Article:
Journey to the diaconate has changed Wilhelm

By Benjamin Wideman | For The Compass | May 19, 2015

MANITOWOC — Gary Wilhelm was an altar server throughout grade school and participated in various other parish activities while attending St. Paul Church.

But after graduating from Roncalli High School in 1975, he stopped attending Mass.

As part of the ordination rite, newly ordained Deacon Gary Wilhelm is vested in the deacon’s liturgical garb (stole and dalmatic). Assisting in the investiture is Deacon Al Boeldt, left, and Patricia Wilhelm. (Sam Lucero | The Compass)

It wasn’t until Wilhelm married his wife of 28 years, Patty, several years later that he returned to church.

Two things happened to transform the 57-year-old Manitowoc resident from a casual churchgoer to someone who was ordained a deacon for the Diocese of Green Bay on May 16.

A few years back, Wilhelm’s morning routine involved getting up to drink a cup of coffee. And every morning, Patty’s Bible and other religious books were laying nearby on the table.

“I’d see (the Bible) there day after day but didn’t do anything about it,” said Wilhelm. “Eventually, one day I started looking at it a little bit. And the next day I’d look at it some more. And the next day, some more.

“The next thing I know, I started taking an interest in actually listening in church.”

That was the first thing. The second thing happened when Wilhelm attended a meeting led by Fr. Dan Felton.

“Fr. Dan used to have these town hall meetings and he’d discuss what we’re doing now and our five-year plan,” explained Wilhelm. “And he started talking one night and said, ‘If you’ve been doing things for the parish, that’s great, but don’t get in a comfort zone. There is always more that can be done.’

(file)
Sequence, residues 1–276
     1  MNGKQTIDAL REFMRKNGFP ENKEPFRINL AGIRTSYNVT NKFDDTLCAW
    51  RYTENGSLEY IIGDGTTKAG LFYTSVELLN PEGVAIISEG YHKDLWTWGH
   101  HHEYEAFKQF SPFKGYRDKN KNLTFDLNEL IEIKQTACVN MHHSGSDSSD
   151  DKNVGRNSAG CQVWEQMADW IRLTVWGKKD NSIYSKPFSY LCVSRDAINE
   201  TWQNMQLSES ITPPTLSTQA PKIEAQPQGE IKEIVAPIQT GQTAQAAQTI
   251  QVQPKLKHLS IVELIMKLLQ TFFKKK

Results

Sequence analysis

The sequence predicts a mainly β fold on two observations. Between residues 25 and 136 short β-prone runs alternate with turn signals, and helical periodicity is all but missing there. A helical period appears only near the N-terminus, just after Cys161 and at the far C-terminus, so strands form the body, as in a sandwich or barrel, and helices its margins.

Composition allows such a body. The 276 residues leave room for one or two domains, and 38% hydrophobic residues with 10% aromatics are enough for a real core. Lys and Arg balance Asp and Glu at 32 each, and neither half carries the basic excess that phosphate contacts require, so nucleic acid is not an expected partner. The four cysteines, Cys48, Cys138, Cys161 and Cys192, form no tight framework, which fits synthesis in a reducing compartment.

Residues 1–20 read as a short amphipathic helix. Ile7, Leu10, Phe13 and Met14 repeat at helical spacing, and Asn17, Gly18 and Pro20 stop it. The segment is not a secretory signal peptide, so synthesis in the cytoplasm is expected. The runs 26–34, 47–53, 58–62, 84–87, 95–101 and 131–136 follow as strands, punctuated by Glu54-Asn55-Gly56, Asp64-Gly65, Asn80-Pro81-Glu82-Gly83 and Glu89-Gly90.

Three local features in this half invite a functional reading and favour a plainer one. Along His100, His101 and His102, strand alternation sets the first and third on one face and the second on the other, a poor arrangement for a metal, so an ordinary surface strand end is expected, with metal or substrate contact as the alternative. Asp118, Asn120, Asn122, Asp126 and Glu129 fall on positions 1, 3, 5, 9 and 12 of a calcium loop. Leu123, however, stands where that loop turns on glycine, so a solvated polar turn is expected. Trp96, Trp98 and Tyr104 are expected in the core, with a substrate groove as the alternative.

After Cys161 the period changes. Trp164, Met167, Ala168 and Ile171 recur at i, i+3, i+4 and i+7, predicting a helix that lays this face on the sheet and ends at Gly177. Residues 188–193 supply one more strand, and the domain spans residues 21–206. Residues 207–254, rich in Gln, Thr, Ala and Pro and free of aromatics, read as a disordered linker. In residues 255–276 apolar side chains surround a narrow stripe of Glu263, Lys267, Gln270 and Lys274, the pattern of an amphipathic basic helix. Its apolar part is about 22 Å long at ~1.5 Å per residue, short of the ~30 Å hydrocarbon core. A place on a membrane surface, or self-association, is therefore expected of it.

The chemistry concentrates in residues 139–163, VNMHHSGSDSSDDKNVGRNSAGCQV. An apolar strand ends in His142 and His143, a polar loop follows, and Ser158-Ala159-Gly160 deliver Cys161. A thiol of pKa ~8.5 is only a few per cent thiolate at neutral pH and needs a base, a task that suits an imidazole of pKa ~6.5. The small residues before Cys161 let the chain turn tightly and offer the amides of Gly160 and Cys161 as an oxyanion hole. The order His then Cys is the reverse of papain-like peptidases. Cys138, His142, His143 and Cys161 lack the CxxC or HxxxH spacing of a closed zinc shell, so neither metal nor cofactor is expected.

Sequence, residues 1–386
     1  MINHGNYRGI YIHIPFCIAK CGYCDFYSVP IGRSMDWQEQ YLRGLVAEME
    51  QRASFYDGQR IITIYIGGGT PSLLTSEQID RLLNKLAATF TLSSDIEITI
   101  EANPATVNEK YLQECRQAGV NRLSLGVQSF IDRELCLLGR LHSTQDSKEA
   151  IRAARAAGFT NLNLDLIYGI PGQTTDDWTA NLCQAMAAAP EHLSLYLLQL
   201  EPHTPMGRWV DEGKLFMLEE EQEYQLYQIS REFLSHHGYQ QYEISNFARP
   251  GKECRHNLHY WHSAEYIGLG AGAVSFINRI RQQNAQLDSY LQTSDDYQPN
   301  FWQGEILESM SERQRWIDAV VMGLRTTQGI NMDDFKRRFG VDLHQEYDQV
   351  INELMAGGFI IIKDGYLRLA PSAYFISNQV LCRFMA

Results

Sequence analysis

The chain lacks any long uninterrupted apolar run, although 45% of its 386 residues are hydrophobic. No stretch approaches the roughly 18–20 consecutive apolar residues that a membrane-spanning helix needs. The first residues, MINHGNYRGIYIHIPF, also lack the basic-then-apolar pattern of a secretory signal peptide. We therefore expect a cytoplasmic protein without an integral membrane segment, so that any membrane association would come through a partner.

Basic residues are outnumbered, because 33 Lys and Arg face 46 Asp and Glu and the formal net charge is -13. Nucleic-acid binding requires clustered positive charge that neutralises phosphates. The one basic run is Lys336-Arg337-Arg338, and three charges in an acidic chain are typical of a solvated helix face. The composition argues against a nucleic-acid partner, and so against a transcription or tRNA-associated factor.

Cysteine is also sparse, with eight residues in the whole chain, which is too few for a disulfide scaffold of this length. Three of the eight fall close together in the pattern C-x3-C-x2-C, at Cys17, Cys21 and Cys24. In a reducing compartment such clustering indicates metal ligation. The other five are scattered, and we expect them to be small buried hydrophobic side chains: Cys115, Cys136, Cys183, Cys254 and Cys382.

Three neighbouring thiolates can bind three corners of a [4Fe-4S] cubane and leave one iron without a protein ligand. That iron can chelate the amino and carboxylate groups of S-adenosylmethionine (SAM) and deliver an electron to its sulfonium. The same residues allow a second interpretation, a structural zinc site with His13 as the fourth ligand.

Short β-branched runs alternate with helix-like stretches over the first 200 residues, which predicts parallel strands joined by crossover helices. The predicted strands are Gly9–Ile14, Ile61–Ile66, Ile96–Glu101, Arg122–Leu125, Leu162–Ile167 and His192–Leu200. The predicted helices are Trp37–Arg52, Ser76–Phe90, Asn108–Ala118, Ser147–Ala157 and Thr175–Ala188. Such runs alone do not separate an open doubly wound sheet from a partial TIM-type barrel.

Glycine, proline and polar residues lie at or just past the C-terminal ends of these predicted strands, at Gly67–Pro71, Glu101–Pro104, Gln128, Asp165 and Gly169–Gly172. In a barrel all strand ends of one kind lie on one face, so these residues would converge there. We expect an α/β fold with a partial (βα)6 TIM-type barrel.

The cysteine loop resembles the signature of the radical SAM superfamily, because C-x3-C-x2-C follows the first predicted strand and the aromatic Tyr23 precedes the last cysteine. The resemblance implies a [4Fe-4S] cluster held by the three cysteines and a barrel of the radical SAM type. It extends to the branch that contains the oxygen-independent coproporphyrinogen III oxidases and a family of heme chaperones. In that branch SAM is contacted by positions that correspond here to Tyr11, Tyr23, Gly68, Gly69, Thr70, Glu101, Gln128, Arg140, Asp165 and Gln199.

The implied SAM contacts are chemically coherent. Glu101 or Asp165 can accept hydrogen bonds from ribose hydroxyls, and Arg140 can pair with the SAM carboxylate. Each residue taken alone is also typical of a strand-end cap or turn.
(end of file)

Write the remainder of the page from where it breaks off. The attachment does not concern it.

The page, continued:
“So my son (Matt) leans over and gives me the elbow and says, ‘Dad, you ought to be a deacon.’ I thought, ‘Me? In white? I’d look like the Stay Puft Marshmallow Man!’ I told my wife what my son had said, and she said, ‘Maybe you ought to think about it and look into it.’ So I started thinking about that.”

Not long thereafter, Wilhelm arranged a meeting with Deacon Al Boldt.

“And things just kind of snowballed from there,” said Wilhelm. “This journey has been absolutely fantastic. Your life gets changed, and you don’t even know it.

“I have definitely changed over these years. I wasn’t a bad person, but I was kind of edgy, always searching for something. This journey of becoming a deacon has filled a void for me. It has truly changed me.”

Wilhelm said the unwavering support of his family (he also has two daughters, Katie and Megan), as well as fellow parishioners and deacons, has been invaluable.

One person, in particular, has been life-changing for him. “If it wasn’t for my wife, I wouldn’t be here doing this today,” he said. “She’s been great.”

Added Patty, a teacher at St. Gregory School in St. Nazianz, “Going to formation classes and praying together has blessed our marriage in more ways than we ever imagined.”

Wilhelm, who’s now a member of St. Gregory Parish in St. Nazianz, is being assigned to serve as a deacon at St. Gregory and Holy Trinity Parish in School Hill, both of which are in rural Manitowoc County. He works as a journeyman metal fabricator and lead person in his department at Manitowoc Cranes in Manitowoc.

Wilhelm’s ministries have included being part of the Liturgy of the Word with Communion at nursing homes, visiting sick and homebound people with Care ministries, working with the Rite of Christian Initiation of Adults and being involved with retreats for adults with cognitive disabilities.

“And Fr. Pat Nelson (at St. Gregory and Holy Trinity) will have me do baptism and marriage prep, which is great,” said Wilhelm. “And I’ll assist at weddings and funerals and baptisms whenever I can.”

As for the upcoming ordination ceremony in Green Bay, Wilhelm said he’ll be nervous.

“That’s because I want to make sure I do well for Jesus,” he said. “You don’t want to disappoint Jesus.”

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